Virginia woman's death is part of Johnson & Johnson investigation

Posted at 6:47 PM, Apr 13, 2021
and last updated 2021-04-13 19:22:11-04

RICHMOND, Va. -- The death of a Virginia woman who received a Johnson & Johnson COVID-19 vaccine is part of the Centers for Disease Control & Prevention (CDC) investigation into the vaccine's side effects.

The 45-year-old woman died in mid-March, according to a federal database, shortly after she received the Johnson & Johnson vaccine.

No additional details about the woman, nor her death, were released.

The CDC and the U.S. Food and Drug Administration (FDA) called for a pause on the use of the Johnson & Johnson vaccine after six, of the more than seven million Americans who received the vaccine, developed blood clots within about two weeks of vaccination.

Virginia is among the states pausing the administration of the Johnson & Johnson vaccine.

State vaccine coordinator Dr. Danny Avula said while that pause would have an impact in Virginia.

"We have about 30 events that amounted to about 72,000 doses of Johnson and Johnson that were scheduled for administration this week that we are now postponing," Dr. Avula said.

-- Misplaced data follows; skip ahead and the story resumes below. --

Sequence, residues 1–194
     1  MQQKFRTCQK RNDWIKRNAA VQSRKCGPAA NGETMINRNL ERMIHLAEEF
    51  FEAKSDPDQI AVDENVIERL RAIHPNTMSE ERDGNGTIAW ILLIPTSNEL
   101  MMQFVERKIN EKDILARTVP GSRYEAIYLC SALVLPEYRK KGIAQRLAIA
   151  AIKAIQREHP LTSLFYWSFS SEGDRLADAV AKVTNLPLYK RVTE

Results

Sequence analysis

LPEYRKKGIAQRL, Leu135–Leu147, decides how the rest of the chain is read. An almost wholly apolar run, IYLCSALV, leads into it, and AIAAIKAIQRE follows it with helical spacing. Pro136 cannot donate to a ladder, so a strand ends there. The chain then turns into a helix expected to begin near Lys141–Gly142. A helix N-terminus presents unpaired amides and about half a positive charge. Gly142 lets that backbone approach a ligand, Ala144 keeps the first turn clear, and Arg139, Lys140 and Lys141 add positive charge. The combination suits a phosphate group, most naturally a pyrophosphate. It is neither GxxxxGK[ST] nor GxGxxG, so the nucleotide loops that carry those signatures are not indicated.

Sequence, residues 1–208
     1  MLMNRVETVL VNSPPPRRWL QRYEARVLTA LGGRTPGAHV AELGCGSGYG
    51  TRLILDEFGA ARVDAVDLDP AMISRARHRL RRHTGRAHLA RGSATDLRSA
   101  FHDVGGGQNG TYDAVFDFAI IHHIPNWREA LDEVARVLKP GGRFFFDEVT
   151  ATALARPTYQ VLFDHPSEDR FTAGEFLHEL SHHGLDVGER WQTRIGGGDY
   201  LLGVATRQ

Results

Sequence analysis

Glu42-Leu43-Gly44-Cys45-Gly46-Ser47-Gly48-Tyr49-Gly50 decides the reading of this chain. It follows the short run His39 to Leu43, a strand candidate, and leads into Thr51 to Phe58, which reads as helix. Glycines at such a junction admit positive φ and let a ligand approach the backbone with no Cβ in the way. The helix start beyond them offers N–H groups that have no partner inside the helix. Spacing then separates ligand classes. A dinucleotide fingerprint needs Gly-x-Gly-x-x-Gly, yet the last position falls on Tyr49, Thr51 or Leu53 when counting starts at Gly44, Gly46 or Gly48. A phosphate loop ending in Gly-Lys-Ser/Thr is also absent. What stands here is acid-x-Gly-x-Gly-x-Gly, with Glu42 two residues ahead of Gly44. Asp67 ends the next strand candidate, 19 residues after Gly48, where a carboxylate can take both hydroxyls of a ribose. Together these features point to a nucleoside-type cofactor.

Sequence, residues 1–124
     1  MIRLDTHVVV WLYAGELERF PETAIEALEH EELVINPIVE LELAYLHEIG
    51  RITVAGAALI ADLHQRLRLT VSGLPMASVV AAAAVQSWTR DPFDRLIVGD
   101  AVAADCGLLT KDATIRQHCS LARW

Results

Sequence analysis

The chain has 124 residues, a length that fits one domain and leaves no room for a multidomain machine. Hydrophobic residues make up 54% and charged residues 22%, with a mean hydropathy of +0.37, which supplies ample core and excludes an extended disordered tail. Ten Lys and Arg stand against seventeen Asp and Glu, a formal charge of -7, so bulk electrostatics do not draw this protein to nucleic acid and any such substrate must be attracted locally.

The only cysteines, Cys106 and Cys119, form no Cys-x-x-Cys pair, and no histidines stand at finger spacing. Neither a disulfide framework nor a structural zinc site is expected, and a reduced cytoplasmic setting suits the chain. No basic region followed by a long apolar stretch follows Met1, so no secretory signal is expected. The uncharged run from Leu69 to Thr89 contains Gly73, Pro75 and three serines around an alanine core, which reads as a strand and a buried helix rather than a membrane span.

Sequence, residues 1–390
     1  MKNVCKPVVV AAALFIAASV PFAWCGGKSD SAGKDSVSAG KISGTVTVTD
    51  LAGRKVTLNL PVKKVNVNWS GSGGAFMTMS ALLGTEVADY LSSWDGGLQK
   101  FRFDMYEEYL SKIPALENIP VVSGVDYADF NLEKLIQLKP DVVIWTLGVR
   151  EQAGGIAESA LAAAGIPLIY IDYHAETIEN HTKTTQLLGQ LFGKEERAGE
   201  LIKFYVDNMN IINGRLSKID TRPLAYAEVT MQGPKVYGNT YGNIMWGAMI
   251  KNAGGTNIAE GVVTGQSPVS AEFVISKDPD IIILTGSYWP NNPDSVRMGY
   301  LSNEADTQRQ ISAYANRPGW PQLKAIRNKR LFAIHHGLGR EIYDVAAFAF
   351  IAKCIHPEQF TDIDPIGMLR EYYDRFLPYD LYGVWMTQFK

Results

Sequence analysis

Avula called the blood clotting issue "exceedingly rare" and the pause showed how important it was to maintain public trust in the vaccine.

"The establishment of a unique pattern certainly warrants more investigation. And I think it's in both the public's and the government's best interest to really thoroughly research that," he said.

The impacted vaccination clinics would either be rescheduled or organizers would swap out the Johnson & Johnson vaccine with either the Pfizer or Moderna vaccine. Mobile vaccination teams, that were reliant on Johnson & Johnson vaccine, would stop pending the results of the federal investigation.

Avula said Johnson & Johnson accounted for less than 15-percent of the administered vaccine this week and added while the pause could last days or weeks -- it won't impact Virginia's move into Phase 2 this Sunday.

"What it will do is slow down the progress through Phase 2," he said. "We will not be able to have quite as many appointments available for first services next week and beyond."

Anyone who received the Johnson & Johnson vaccine and develop a severe headache, abdominal pain, leg pain, or shortness of breath within three weeks after vaccination should contact their doctor.

The CDC will meet Wednesday, April 14, to review the cases.